Yes you can just gently warm candied honey to get it to return to liquid.
As for creaming: I guess that may work if you mix it for ages. basically that IS how you make creamed honey- only for a very good creamed honey you start with a ‘seed’ of very very fine crystals- not regular crystallized honey which has larger crystals. I suppose if you mix it thoroughly enough and for long enough you will break down the original crystals… but if even a few survive then the entire batch might end up being more like candied honey than creamed.
Basically the way it works is a single crystal sets off a chain reaction - and the crystals that form around it are the same size as the original ‘seed’ crystal.
So the best approach is to either use good creamed honey as your seed and mix it in well at a ratio of roughly 1 part seed to 10 parts honey- or - get some candied honey and use a mortar and pestle to break the crystals down until they are so small you can’t really register them as individual crystals on your tongue. This can take quite a long time… The finer they are the better the creamed honey will be.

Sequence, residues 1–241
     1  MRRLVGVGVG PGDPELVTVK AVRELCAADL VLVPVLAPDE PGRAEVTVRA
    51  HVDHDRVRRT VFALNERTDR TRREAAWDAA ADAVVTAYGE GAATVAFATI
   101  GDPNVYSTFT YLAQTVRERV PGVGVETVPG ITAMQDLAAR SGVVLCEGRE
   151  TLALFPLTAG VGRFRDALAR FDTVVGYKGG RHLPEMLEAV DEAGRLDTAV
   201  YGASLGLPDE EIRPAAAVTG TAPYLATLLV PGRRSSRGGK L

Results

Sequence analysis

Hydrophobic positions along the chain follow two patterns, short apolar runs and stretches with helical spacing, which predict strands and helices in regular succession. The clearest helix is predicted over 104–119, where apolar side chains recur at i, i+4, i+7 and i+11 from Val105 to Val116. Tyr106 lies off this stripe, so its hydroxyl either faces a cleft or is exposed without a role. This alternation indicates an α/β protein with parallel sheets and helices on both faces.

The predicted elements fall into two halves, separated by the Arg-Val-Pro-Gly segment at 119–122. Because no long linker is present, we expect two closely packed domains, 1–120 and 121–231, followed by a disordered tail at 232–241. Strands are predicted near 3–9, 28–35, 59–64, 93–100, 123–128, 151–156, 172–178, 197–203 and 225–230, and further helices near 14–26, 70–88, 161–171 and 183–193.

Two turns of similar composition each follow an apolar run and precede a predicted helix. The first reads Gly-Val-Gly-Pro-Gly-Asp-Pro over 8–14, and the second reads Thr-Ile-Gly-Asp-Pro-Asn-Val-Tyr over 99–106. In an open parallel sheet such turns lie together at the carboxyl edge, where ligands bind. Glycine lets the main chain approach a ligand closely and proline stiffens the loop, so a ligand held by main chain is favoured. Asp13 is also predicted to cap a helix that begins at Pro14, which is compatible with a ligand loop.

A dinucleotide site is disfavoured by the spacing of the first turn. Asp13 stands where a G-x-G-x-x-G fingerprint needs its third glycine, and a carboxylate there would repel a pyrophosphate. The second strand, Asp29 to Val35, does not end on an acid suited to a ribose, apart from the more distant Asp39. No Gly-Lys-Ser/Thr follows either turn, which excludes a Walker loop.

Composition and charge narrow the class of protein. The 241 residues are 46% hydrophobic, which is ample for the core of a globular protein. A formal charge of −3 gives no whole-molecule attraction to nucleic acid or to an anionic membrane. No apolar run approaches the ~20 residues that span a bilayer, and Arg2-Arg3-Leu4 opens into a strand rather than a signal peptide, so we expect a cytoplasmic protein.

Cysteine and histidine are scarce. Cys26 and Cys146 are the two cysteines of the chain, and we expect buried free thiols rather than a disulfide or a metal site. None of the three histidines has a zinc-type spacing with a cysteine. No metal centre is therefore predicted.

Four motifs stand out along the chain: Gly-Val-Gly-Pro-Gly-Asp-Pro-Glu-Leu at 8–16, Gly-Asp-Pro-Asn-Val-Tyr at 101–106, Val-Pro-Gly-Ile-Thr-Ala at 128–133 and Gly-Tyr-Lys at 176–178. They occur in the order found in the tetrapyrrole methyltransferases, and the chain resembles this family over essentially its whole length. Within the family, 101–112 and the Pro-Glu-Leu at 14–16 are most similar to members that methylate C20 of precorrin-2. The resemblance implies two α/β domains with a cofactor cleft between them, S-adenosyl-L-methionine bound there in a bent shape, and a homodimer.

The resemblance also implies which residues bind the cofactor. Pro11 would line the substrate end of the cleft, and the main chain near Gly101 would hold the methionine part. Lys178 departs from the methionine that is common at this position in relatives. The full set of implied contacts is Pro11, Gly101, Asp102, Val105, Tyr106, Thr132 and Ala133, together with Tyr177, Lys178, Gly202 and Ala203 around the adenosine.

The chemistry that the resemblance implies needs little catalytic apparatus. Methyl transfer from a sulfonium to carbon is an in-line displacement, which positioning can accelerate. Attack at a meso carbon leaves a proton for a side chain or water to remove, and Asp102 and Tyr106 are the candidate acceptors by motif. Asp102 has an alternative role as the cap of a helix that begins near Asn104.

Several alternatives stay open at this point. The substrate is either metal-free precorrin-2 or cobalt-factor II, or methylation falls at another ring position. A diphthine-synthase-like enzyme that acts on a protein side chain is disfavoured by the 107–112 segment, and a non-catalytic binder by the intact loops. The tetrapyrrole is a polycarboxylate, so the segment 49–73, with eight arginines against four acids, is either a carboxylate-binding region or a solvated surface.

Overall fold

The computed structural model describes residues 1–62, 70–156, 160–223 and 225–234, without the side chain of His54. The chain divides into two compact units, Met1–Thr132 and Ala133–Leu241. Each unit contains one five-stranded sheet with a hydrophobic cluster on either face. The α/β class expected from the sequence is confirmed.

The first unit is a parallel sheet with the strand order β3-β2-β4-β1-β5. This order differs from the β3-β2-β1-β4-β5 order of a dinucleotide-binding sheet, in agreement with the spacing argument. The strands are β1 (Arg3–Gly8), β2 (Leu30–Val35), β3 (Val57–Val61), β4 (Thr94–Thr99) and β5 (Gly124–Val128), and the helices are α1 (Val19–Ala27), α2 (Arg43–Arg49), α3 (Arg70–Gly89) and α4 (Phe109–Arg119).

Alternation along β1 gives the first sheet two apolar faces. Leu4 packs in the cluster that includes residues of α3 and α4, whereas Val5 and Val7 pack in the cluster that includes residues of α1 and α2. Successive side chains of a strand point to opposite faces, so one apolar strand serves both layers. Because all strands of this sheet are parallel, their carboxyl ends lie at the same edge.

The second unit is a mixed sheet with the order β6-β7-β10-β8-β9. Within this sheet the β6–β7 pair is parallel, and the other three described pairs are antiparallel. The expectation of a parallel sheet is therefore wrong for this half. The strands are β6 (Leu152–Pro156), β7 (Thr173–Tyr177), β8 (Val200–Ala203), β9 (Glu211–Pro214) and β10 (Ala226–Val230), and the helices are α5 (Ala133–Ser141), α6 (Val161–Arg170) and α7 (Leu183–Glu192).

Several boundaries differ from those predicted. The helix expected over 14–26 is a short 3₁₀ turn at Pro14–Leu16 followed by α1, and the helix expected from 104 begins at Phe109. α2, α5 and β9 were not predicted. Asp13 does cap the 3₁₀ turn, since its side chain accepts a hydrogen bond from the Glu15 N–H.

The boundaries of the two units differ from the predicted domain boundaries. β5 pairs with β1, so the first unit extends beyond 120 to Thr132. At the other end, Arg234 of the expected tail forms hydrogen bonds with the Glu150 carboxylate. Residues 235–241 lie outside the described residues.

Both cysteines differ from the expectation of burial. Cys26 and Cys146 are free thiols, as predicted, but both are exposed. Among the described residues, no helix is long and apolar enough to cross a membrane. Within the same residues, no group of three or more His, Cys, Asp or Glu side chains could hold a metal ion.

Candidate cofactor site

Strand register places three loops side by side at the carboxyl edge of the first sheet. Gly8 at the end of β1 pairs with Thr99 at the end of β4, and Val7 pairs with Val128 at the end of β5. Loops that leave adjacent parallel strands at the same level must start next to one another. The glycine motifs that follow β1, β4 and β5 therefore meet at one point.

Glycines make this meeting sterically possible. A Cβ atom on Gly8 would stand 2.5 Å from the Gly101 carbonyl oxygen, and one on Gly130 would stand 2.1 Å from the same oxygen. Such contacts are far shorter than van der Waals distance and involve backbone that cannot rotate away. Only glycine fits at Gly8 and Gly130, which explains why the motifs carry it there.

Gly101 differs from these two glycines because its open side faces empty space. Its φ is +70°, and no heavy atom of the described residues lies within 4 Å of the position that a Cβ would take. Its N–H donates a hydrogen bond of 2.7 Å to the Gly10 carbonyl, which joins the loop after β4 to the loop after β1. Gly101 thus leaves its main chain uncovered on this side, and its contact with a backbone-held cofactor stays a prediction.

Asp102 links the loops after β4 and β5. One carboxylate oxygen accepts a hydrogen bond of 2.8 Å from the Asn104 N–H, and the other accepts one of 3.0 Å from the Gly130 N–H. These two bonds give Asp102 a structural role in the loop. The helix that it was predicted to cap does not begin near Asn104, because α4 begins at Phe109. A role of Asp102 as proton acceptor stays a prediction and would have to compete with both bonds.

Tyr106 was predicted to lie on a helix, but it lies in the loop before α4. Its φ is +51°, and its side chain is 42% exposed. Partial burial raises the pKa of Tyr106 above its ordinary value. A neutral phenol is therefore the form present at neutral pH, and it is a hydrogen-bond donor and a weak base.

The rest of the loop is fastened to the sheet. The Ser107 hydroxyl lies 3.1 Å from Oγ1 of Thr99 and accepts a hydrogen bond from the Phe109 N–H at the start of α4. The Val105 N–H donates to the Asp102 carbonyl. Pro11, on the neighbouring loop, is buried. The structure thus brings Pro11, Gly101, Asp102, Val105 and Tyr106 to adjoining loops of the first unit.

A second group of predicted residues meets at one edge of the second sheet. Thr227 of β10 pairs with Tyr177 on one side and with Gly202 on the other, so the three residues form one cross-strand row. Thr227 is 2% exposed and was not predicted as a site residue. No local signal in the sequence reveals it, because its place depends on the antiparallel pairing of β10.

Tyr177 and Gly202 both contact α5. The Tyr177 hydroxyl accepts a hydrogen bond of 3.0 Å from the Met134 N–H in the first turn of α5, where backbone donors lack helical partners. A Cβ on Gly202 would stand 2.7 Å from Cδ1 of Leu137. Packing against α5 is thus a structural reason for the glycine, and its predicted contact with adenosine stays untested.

Once you have made a good seed once- you don’t have to do it again as you just keep some of your creamed honey to act as your seed for the next batch.
@Rodderick I just noticed above you said you put them in a fridge for several weeks: I can confirm that my mum simply stores them in a cool room when the temps are around 14C and they set in under a week. The only problem with that is it can’t be done in summer. We are considering getting an old fridge and seeing if there is a way to get it to run at 14c.